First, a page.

An Ode to Christopher Hitchens

Eulogies continue to pour in for Christopher Hitchens on the wake of his death on Thursday. He was a world-famous journalist, who wrote until his last breath. He was an Atheist and known for providing an alternate point of view, contrary to popular belief.

The British-born great had a desk set up in the intensive care unit and was continuously meeting deadlines with only a few days to live, according to his friend novelist Ian McEwan. He also added that he had to be helped onto a chair to work “with a pole and eight lines going into his body.” In-spite of his shortcomings, he still completed his piece and even had time to write an additional essay.

During the twilight of his life, after cancer had taken in most of his body, he insisted on having his desk by the window away from his bed at the ICU.

Notable literary figures, editors, politicians joined in paying homage to the writer and an epicurean in every sense. He had been fighting with a complex oesophageal cancer for over a year, which led to pneumonia ultimately ending his life.

His death was made public by his last employer, the magazine Vanity Fair.

“Christopher Hitchens – the incomparable critic, masterful rhetorician, fiery wit, and fearless bon vivant – died today at the age of 62,” it said.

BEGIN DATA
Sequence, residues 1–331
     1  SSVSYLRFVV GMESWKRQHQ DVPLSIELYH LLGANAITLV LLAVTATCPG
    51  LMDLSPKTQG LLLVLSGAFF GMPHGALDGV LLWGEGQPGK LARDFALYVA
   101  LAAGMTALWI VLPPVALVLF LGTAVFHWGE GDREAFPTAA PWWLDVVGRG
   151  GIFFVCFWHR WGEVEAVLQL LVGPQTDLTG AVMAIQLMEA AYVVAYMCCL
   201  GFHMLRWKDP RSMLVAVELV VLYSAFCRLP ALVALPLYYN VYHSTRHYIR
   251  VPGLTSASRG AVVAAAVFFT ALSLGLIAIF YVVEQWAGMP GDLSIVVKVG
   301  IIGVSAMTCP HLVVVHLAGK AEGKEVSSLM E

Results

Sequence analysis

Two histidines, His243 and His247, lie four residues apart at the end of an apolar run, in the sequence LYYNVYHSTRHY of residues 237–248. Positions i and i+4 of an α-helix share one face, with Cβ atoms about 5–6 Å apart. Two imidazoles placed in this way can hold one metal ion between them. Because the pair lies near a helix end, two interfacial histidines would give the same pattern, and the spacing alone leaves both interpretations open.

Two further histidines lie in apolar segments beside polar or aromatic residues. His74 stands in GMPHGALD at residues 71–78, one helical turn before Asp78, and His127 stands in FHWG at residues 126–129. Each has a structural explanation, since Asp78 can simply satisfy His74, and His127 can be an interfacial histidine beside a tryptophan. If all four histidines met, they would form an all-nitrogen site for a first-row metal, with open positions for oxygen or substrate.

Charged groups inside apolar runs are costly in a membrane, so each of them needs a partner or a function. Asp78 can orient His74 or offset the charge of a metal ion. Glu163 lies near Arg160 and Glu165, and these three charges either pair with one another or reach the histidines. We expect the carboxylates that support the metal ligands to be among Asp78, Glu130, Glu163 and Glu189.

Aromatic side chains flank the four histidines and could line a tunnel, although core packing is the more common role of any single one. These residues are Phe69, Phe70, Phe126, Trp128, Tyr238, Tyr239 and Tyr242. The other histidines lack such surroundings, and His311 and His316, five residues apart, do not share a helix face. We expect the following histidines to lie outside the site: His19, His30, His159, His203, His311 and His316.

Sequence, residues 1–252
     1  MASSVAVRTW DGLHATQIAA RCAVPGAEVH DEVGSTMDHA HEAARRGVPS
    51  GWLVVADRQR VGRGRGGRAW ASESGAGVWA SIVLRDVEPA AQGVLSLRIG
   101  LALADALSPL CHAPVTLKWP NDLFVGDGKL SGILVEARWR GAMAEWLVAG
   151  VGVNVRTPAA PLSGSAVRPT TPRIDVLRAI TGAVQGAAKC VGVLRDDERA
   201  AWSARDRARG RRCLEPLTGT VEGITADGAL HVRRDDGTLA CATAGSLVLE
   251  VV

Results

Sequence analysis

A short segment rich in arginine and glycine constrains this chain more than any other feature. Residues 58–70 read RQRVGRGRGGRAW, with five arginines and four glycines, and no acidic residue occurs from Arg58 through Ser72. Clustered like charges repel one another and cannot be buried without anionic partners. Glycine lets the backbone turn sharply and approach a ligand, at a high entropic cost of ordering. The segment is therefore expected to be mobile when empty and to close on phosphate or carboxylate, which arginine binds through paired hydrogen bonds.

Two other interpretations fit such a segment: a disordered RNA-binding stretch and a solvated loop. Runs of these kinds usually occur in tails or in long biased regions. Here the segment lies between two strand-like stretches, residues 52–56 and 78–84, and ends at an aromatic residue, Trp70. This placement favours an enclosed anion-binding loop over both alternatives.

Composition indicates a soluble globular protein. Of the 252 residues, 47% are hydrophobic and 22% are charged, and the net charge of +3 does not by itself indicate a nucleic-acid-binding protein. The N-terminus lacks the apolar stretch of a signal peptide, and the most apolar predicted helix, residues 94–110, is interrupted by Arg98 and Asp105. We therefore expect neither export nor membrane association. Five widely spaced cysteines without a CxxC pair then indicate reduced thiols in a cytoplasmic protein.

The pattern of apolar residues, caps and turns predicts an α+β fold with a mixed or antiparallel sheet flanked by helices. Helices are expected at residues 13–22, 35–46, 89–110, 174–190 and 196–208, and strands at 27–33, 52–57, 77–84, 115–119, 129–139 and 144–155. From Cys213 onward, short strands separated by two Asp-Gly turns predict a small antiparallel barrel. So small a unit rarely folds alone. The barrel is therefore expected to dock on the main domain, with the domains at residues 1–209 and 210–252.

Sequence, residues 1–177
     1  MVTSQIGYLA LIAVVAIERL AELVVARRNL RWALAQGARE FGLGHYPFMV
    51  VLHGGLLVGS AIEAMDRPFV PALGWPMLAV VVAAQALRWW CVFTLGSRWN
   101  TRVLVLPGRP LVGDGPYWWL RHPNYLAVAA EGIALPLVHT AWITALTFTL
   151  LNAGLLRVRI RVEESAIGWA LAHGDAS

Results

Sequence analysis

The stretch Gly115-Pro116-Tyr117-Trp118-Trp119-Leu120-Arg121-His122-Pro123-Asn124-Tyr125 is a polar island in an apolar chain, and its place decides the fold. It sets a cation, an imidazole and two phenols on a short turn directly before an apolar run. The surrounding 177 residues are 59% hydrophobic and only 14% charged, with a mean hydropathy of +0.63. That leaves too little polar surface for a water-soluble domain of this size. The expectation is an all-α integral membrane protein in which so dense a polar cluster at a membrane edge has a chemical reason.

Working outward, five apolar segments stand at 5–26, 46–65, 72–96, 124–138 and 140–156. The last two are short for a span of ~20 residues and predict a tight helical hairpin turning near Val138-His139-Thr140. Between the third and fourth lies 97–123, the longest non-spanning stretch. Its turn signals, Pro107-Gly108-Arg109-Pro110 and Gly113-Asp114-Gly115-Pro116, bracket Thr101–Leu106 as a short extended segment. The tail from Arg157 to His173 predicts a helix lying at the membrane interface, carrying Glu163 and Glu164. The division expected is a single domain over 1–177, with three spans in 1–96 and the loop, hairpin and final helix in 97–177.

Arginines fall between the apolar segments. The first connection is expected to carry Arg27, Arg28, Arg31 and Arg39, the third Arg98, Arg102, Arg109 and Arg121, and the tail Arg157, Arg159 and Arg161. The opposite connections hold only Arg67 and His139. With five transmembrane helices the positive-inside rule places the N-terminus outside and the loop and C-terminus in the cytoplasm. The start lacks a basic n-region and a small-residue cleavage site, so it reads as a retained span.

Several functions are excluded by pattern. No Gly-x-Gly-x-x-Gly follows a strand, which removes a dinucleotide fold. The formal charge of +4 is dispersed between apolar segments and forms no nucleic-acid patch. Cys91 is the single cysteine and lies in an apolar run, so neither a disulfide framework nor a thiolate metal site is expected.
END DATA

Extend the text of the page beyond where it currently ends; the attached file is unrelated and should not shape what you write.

In his biography “Hitch-22,” he mentioned he wanted to die fighting. Incidentally, Hitchens discontinued his book tour of the same book to undergo chemotherapy after he was diagnosed with cancer.

He poetically wrote in his book, “I personally want to ‘do’ death in the active and not the passive,” and daringly added, “and to be there to look it in the eye and be doing something when it comes for me.”

The son of a British naval officer, Hitchens was schooled in Oxford before he went to work for the New Statesman magazine in London, he later moved to New York in 1981. He became a correspondent for the magazine “The Nation” and settled down in Washington. He became an American citizen in 2007 retaining his British citizenship. He tragically passed away with friends at his bedside at the MD Anderson Cancer Centre in Houston.

“An extraordinary, compelling and colorful human being”- the former British Prime Minister, Tony Blair on his recollection of Hitchens.

“Goodbye, my beloved friend. A great voice falls silent. A great heart stops.” Salman Rushdie, the writer who was staunchly supported by Hitchens.

“He would drink a bottle of whisky when I would manage two glasses of wine and then be up in the morning writing 1,000 perfect words.” Denis MacShane, Britain’s Labor Party MP on his memory of Hitchens.

He is survived by his second wife, author Carol Blue, and three children.


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